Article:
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Bastille Day, marking the official start of the government summer holiday season, came like a much needed time-out from the recurrent political scandals of the past weeks.
In addition to the usual pomp and circumstance that military parades are known for, troops from African countries that were once French colonies were invited to march in this year’s parade to honor Africans who have fought under the French flag and to commemorate 50 years of African independence. Benin, Burkina Faso, Cameroon, Chad, Central African Republic, Congo-Brazzaville, Gabon, Madagascar, Mali, Mauritania, Niger, Senegal and Togo took part in the event while the president of the Ivory Coast boycotted the celebration.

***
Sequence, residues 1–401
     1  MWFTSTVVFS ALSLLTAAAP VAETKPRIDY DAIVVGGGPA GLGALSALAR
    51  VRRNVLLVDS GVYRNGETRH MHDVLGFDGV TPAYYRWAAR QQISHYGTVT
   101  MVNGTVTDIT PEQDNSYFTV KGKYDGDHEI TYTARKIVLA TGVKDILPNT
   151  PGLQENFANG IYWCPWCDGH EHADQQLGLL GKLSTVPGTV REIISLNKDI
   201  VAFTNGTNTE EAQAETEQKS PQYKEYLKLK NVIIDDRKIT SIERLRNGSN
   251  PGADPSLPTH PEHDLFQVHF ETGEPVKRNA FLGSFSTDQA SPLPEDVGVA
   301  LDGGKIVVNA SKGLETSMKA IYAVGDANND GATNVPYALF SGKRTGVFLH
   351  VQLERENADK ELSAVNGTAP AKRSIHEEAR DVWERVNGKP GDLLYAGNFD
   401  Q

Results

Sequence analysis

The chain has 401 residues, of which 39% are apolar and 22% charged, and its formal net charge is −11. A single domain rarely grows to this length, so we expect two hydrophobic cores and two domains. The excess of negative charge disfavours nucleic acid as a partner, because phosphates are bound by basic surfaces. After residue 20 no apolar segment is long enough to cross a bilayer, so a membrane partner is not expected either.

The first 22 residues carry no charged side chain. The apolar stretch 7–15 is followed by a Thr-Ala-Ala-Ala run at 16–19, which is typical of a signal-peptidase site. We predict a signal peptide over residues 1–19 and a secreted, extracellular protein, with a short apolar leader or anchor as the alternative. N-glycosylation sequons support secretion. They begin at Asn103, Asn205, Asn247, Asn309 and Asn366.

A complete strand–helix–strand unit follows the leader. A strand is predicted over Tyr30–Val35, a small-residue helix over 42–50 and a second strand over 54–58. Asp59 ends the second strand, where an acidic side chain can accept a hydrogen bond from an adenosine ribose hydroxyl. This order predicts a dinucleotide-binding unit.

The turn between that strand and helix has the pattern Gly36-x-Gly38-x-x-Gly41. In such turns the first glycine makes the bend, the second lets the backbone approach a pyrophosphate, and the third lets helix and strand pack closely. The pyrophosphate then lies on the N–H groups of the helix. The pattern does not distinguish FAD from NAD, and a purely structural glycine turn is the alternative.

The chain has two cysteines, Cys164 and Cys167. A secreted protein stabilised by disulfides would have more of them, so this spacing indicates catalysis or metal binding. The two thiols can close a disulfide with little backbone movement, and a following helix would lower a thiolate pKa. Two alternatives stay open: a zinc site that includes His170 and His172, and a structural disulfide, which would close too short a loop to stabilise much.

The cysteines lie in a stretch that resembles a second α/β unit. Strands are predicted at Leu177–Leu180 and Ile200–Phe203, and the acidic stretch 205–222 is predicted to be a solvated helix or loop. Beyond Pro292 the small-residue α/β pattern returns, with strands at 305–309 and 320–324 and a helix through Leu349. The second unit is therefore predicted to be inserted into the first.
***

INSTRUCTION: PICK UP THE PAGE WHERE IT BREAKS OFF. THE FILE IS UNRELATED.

Critics, including some callers invited to comment on a morning radio show, questioned the sincerity of Franco-African relations, particularly given that France continues to maintain a military presence in some of these countries, even during peace time.
The mild flak over the African participation at the parade paled in comparison to the avalanche of negative publicity the government has received over the last weeks, particularly in the Bettencourt affair that has claimed as a casualty his labor minister, Eric Woerth, who resigned this week from his position as UMP party treasurer.
On Monday night President Nicolas Sarkozy answered questions about the affair in a television interview that few people found convincing. He offered Woerth his full support and blamed the scandal on the opposition and other detractors seeking to derail his pension reform. Woerth is now expected to devote his full attention to the president’s plans to increase the retirement age to 62 from 60.
Cabinet members endorsed the pension plan Woerth presented on Tuesday, the same day parliament’s lower house passed a nearly unanimous vote on the law to ban face-covering veils in public places. That bill will go to the Senate for a vote in September.
To be continued.